"Today's vote will be about the willingness and ability of the parliament to act in the interest of Slovakia and to ensure the normal functioning of the state," President Andrej Kiska told MPs on February 7, afew hours before their vote on 18 candidates for onstitutional Court judges.
The president called on them to approach the vote responsibly and independently. The outcome will affect not only the Constitutional Court and trust in justice, but also trust in democracy.
"People must believe in the ability of the state and the willingness of politicians to protect their interests," he emphasised.
18 candidates to protect constitutionality
Slovaks demand decency and justice, Kiska stressed. As he explained, this means that the parliament has to elect on 18 candidates on February 7, who may become guardians of the constitutionality in Slovakia. Out of them, the president will appoint nine for the posts in the Constitutional Court.
"Your vote will be extremely important for the future of Slovakia and the trust of the people in the government, democracy and justice," said the president.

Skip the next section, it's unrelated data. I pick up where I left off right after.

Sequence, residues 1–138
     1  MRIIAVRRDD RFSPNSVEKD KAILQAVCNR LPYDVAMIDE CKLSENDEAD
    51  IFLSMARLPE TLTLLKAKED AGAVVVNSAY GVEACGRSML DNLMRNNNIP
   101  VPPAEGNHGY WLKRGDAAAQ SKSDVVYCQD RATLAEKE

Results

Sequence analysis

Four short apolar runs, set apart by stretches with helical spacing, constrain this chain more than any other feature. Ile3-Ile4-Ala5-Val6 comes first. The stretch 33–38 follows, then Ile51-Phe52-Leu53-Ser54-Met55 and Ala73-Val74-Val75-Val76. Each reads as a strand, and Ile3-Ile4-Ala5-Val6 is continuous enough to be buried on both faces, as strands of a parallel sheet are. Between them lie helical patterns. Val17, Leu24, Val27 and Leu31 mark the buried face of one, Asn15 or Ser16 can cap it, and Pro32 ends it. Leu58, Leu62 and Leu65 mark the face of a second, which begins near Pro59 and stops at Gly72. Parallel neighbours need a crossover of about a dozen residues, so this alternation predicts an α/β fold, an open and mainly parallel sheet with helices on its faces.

He underlined that the tenures of nine Constitutional Court judges are ending on February 16, and that the new judges will define the character of the court in the next 12 years.
"There is no doubt that it is possible to create a trustworthy Constitutional Court out of the current 39 candidates," Kiska added.
He called on MPs to demonstrate their position on the rule of law and democracy in Slovakia by electing moral and experienced candidates to join one of the most important institutions in the country.
"Our joint responsibility is to ensure that Slovakia functions well, and all its institutions perform their tasks," the president told MPs.
Fico receives green light
Before the president's speech, the parliamentary constitutional and legal affairs committee recommended Smer chair Robert Fico as one of the 39 candidates. The question of his legal practice was the reason why the vote has been postponed twice, the Sme daily wrote.
Fico submitted the missing documents to prove his 15-year experience in law on February 6, only one day before the election of 18 Constitutional Court candidates.
When the constitutional and legal affairs committee voted on Fico's candidacy for the first time, he failed to convince the majority of the committee due to the alleged lack of experience.
"The permission of a repeated vote on only one candidate is not only legally dubious but also sends the wrong message to people," said MP Miroslav Beblavý during the committee's session, as quoted by Sme.
Despite this, the committee eventually recommended Fico as one of 39 Constitutional Court candidates to parliament. Seven MPs supported Fico, while six were against.
The parliament was initially supposed to elect the candidates out of 40 people, but Police Academy Rector Lucia Kurilovská has recently withdrawn from the selection.
7. Feb 2019 at 14:01 | Compiled by Spectator staff